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Congress has not evinced any intention to defer to the states the definition of the federal right created in section 1983, or to adopt the states' remedies or procedures for the vindication of that right. It has never indicated an intent to engraft onto the federal right state concepts of sovereign immunity or of state susceptibility to suit, which are the concepts that are the roots of the California Tort Claims Act. Indeed, the history of section 1983, summarized in Monroe v. Pape, supra, 365 U.S. 167, 81 S.Ct. 473, 5 L.Ed.2d 492, vividly demonstrates that state concepts of sovereign immunity were alien to the purposes to be served by the Civil Rights Act. (See also, Beauregard v. Wingard (S.D.Cal.1964) 230 F.Supp. 167, 173.) An incorporation of such state created policies 'would practically constitute a judicial repeal of the Civil Rights Act.' (Hoffman v. Halden (9th Cir. 1959) 268 F.2d 280, 300; Jobson v. Henne (2d Cir. 1966) 355 F.2d 129.)


Accordingly, we reaffirm our decision in Smith, holding that the applicable limitations statute is California Code of Civil Procedure section 338(1).


We now turn to defendants' contention that at least part of plaintiff's action is barred even by section 338(1). Donovan brought his action on March 16, 1967. He was discharged on April 6, 1963. Any action Donovan may have had arising from his dismissal is barred by the three-year statute of limitations. But Donovan won an order for reinstatement from the City of Santa Monica Personnel Board on April 15, 1964, and was refused reinstatement the next day. The district court decided that an action based on that refusal to reinstate was a cause of action independent of his claim based on his original discharge, and that the former was not barred by limitations. We agree with the district court. (Cf. Walsh v. Chicago Bridge & Iron Co. (N.D.Ill.1949) 90 F.Supp. 322.)


On the merits, Askew and Reinbold strenuously argue that the fourth in the series of newspaper articles written by Donovan exceeded the bounds of constitutional protection afforded a public employee, as those lines were suggested in Pickering v. Board of Education (1968) 391 U.S. 563, 88 S.Ct. 1731, 20 L.Ed.2d 811. Pickering was a teacher who was fired for writing and publishing in a newspaper a letter criticizing the Board of Education and the school superintendent. The Court held that the First Amendment protects public employees from loss of employment as a result of their comment upon matters of public interest. It also indicated that that protection might not be as extensive for public employees as it is for the general citizenry under New York Times Co. v. Sullivan (1964) 376 U.S. 254, 84 S.Ct. 710, 11 L.Ed.2d 686. A public employee's expression of false statements might be beyond First Amendment protection if the particular expression inhibits the efficient discharge of the employee's duties, or if the employee's position lends substantially greater credence to the expression than would be accorded to that of a member of the general public.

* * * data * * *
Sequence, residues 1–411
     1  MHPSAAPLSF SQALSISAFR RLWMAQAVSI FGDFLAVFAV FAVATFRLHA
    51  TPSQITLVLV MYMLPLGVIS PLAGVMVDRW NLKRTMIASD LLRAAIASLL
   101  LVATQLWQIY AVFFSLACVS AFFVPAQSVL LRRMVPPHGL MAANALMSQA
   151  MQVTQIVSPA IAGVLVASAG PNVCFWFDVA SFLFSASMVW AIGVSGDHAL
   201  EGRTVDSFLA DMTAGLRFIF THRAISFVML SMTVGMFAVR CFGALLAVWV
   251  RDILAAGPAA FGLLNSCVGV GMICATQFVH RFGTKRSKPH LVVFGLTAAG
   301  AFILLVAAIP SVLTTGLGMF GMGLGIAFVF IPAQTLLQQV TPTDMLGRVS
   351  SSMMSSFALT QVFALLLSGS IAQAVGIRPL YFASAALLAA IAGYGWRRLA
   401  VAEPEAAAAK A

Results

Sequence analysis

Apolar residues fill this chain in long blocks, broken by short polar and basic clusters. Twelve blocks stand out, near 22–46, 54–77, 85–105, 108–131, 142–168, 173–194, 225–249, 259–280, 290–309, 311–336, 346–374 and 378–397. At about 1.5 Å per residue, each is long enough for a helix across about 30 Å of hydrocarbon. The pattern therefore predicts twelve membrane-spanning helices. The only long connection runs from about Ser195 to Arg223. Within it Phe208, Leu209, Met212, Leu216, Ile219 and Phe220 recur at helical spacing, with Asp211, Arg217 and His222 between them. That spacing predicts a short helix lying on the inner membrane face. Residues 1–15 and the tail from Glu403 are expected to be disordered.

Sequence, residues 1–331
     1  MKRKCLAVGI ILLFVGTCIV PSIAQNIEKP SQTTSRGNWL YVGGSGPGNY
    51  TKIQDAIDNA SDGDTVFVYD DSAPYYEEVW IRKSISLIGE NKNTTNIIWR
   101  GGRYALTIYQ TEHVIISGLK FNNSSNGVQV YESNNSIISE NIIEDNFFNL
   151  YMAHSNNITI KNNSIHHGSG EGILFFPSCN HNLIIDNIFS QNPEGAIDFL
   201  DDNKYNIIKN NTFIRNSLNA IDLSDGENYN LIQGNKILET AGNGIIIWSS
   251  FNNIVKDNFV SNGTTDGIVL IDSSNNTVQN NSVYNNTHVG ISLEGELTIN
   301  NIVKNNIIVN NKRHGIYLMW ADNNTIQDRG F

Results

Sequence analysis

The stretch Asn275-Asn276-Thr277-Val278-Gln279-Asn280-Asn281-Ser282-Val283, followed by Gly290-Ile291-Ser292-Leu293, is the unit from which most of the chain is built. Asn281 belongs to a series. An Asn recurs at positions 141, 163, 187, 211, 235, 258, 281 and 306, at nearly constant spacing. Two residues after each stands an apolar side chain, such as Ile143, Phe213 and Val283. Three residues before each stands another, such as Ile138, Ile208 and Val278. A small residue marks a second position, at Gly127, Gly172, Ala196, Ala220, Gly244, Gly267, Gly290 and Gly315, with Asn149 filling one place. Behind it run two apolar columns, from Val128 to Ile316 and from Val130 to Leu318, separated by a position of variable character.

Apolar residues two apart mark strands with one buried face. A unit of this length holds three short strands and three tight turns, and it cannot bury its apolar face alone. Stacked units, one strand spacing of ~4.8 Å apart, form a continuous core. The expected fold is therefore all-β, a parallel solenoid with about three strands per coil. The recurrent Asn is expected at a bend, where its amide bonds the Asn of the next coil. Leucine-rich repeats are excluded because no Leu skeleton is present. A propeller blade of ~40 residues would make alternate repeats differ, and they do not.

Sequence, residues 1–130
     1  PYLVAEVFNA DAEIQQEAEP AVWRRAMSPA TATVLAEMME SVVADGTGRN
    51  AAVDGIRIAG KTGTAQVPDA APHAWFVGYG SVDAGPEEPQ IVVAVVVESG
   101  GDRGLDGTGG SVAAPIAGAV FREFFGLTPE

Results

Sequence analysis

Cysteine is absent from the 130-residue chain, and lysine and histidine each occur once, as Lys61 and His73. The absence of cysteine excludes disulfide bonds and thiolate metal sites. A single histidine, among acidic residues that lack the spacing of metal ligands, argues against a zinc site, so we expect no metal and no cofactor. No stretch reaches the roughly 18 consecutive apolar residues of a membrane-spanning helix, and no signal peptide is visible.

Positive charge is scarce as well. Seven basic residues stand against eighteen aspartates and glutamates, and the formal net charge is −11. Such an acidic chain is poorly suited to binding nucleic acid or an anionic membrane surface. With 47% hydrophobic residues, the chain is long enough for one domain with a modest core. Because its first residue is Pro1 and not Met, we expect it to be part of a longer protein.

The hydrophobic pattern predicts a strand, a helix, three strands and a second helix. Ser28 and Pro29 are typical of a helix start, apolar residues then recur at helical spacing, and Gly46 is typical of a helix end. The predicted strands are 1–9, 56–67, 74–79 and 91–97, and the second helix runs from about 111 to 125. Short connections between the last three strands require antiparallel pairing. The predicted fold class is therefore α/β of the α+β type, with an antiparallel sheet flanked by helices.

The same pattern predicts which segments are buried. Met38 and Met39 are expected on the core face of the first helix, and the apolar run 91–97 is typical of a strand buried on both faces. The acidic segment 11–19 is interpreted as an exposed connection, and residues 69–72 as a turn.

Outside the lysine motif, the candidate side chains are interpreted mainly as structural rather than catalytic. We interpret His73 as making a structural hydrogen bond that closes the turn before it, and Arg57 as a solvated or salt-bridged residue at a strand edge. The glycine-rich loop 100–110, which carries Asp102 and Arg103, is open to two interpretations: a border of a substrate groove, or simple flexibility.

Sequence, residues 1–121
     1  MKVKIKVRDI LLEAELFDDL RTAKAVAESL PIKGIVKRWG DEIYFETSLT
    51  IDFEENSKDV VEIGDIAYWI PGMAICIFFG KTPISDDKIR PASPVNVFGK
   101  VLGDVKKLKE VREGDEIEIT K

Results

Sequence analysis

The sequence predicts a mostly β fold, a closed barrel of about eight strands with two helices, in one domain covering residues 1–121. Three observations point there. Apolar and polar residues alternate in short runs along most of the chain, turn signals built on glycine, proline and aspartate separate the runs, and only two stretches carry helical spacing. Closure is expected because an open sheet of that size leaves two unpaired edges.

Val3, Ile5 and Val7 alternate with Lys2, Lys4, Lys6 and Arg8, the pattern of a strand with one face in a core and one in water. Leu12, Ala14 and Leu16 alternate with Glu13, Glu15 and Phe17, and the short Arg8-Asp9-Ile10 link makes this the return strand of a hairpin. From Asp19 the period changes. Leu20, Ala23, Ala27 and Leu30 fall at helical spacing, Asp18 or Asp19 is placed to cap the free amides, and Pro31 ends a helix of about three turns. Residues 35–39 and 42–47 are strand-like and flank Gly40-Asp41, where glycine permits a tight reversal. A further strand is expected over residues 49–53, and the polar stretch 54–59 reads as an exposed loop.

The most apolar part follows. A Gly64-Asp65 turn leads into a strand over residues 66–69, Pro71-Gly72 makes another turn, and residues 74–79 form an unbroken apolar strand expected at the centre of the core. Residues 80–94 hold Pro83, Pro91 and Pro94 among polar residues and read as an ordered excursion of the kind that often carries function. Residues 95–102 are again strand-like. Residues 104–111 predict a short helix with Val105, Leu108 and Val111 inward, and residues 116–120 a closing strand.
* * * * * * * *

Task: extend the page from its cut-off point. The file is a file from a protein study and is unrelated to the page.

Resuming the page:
The fourth article was somewhat less innocuous than its predecessors. In it, Donovan implied that the police were arresting and firing lifeguards on trumped-up charges and that 'the guard service is being used as a scapegoat to place other city departments in a better light; the pot calling the kettle black, so to speak.' Assuming, arguendo, that the statements were both false and libelous, the article nevertheless fell within the protection of the First Amendment.


Pickering makes clear that it is the nature of the employment that defines the extent to which the otherwise protected publications of employees may be constrained. The less important to the job is personal loyalty or the confidence of superiors, the weaker is the argument that special restrictions upon criticisms are proper. (391 U.S. at 570, 88 S.Ct. 1731, 20 L.Ed.2d 811.) The less likely it is that the public will attach special importance to the statements made by someone in a particular position, the weaker is the argument that the state needs special restrictions on false or erroneous statements made by someone in that position to prevent substantial deception of the public. (391 U.S. at 574, 88 S.Ct. 1731, 20 L.Ed.2d 811.)


Nothing about Donovan's job as a lifeguard brings him within the exception suggested in Pickering. We conclude that the fourth article was constitutionally protected and that it could not be used to justify refusal to reinstate him.


Askew's and Reinbold's contention that their position as police officers rendered them immune from liability under section 1983 is frivolous. (Monroe v. Pape, supra, 365 U.S. 167, 81 S.Ct. 473, 5 L.Ed.2d 492; York v. Story (9th Cir. 1963) 324 F.2d 450, cert. denied (1964) 376 U.S. 939, 84 S.Ct. 794, 11 L.Ed.2d 659.)


The last contention of Askew and Reinbold requiring discussion is their attack on the finding awarding $5000 damages. Compensatory damages awardable in a Civil Rights Act case are not limited to the out-of-pocket pecuniary loss the complainant suffered. Damages can also be awarded for emotional and mental distress caused by the intentional tort. (Antelope v. George (D.Idaho 1962) 211 F.Supp. 657; Solomon v. Pennsylvania R. Co. (S.D.N.Y.1951) 96 F.Supp. 709; see also Hague v. C.I.O. (3rd Cir. 1939)101 F.2d 774, 789, modified on other grounds, 307 U.S. 496, 59 S.Ct. 954, 83 L.Ed. 1423; Basista v. Weir (3d Cir. 1965) 340 F.2d 74, 84-88.) The district court found that Donovan was unusually dedicated to his job and that it meant more to him than simply a means of livelihood. It found that Donovan had tried to find similar employment in the same general area and had been unable to do so. We cannot say that the evidence, including the evidence of Donovan's emotional distress resulting from his loss of employment, was insufficient to sustain the court's finding that Donovan had sustained compensatory damages in the sum of $5000.